A Bulletin from Brazil

I returned to Brazil in early March after spending a year abroad and arrived days after the first cases of COVID-19 were confirmed in the country. Europe was already experiencing a major crisis, but here the cases were specific to some large cities.Two weeks after my arrival the quarantine started in specific regions and as the virus spread the country stopped. Living quarantined in such a large and diverse country is very complicated. The country is divided into 26 states with different economies and lifestyles. The population of Brazil is made up of 41.3% of informal workers. Convincing these people to stop working to stay at home is very difficult as many who stop will have no income for basic needs.In such a complex situation, government interference to assist these people and a good plan to contain the virus would be expected. But the sad reality is that in addition to the virus, we are experiencing a political war. Brazil is one of the few countries in the world that the president’s irresponsible acts manage to be the highlight of the news at the same time that we live in a pandemic. These three months were marked by several statements by the president trying to diminish the problem and even calling the virus a “little cold”. Some aid programs were created for the population, but they were very reluctant on the part of the government and still fail to solve the problem of many people. Only during this period have we had two exchanges of health ministers and now, his last appointment to lead the ministry was not a doctor or a person in the health field, he was a military man.Brazil now occupies the third world position in the number of victims, many experts believe that we have not yet reached the peak of the disease and even so the quarantine has started to be reduced for economic reasons. There are already more than thirty thousand dead and six hundred thousand infected by the “little flu” said by the president. With the reduction of quarantine the tendency is for this number to increase much more in a short time.I can’t really see an end to it. Thirty thousand lives have been lost, thirty thousand families have been affected and the government has neglected the population. They treat it in a normal and cold way, try to boycott the media daily trying to hide important information and numbers.I hope I can see a light at the end of the tunnel for all of this, but the situation is complicated. While some countries are already trying to adapt to the new “normal” I am sure that we will face a lot here.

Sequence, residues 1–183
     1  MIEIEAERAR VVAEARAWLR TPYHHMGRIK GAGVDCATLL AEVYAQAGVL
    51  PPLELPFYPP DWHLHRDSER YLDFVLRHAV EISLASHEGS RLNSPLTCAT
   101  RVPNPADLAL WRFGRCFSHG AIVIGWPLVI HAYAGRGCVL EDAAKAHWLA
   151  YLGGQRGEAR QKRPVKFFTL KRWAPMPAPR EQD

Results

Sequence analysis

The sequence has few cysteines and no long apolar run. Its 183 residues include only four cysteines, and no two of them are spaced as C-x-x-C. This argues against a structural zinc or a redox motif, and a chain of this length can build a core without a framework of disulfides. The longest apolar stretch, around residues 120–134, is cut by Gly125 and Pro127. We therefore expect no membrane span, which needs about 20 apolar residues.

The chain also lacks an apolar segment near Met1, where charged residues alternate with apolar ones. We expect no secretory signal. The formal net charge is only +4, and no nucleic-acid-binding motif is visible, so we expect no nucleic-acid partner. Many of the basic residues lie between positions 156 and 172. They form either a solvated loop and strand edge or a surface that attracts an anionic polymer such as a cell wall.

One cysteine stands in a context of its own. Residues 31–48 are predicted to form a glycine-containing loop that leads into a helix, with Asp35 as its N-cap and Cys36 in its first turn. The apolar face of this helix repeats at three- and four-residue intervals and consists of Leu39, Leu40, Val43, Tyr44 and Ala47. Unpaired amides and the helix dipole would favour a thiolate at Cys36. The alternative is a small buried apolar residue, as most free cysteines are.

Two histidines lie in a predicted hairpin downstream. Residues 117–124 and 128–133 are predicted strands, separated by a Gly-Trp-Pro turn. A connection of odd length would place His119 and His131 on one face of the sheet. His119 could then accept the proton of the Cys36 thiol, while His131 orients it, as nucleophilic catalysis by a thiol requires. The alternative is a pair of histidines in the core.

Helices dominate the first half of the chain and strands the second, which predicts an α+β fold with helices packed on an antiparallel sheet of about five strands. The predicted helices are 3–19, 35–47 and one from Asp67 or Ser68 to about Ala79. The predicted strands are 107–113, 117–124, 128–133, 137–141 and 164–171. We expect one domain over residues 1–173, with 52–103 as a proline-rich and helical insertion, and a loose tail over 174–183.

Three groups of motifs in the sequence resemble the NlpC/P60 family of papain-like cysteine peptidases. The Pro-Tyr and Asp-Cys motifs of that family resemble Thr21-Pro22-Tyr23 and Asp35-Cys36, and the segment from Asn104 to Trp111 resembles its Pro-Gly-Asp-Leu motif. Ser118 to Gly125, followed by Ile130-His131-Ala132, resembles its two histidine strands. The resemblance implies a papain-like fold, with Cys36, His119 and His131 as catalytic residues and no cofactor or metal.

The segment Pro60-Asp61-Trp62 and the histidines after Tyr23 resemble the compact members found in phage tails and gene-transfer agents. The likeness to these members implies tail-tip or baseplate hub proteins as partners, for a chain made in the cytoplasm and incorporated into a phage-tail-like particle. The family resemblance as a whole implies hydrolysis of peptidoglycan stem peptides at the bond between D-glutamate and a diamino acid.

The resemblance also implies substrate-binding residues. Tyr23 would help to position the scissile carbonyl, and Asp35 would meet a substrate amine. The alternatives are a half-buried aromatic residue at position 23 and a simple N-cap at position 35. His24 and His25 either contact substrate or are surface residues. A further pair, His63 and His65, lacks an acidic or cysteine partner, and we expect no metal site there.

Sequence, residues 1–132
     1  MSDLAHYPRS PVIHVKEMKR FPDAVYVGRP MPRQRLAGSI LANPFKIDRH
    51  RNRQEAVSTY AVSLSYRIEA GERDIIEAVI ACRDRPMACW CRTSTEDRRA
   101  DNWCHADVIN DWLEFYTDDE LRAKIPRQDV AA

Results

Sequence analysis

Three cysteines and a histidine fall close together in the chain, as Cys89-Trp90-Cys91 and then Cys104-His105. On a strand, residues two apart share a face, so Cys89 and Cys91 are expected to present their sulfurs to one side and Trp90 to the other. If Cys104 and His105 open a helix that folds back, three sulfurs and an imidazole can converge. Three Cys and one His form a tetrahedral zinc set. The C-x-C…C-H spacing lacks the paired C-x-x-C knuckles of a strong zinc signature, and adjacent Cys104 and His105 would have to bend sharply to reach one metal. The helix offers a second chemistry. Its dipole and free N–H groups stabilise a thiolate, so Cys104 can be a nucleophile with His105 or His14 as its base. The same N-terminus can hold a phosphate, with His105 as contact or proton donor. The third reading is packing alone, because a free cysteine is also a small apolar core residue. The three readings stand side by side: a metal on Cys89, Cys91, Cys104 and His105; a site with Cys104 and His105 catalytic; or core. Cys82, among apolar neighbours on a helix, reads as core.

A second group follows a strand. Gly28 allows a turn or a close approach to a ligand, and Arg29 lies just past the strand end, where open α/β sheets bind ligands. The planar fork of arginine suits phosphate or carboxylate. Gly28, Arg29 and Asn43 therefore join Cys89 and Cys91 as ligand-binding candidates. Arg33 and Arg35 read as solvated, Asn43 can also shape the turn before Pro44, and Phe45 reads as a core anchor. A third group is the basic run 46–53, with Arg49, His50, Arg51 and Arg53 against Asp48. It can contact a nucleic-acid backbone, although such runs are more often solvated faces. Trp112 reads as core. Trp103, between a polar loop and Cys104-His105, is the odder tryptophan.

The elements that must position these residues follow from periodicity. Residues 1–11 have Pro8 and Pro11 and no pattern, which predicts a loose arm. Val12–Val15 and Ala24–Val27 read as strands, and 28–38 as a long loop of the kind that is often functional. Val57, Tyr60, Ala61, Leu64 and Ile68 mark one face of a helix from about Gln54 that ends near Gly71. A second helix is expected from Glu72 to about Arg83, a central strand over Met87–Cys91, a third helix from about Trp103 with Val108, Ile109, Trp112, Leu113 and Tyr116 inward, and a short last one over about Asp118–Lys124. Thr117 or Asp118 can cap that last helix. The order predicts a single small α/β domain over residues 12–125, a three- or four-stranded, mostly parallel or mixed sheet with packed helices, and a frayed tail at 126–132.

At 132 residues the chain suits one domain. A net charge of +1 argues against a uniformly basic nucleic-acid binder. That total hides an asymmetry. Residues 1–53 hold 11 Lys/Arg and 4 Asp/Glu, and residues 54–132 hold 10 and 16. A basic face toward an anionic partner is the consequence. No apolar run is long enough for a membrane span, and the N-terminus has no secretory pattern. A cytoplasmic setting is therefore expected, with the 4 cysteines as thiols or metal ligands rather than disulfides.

Anonymous, Brazil

Published by thegeographerjournalist

My name is Coco Huggins, Editor-In-Chief of The Geographer Journalist and a postgraduate scholar in Geography at The University of Cambridge. Our site aims to publish personal commentaries, articles, essays and artwork from young people across the UK and around the world focusing on a range of issues affecting society today.

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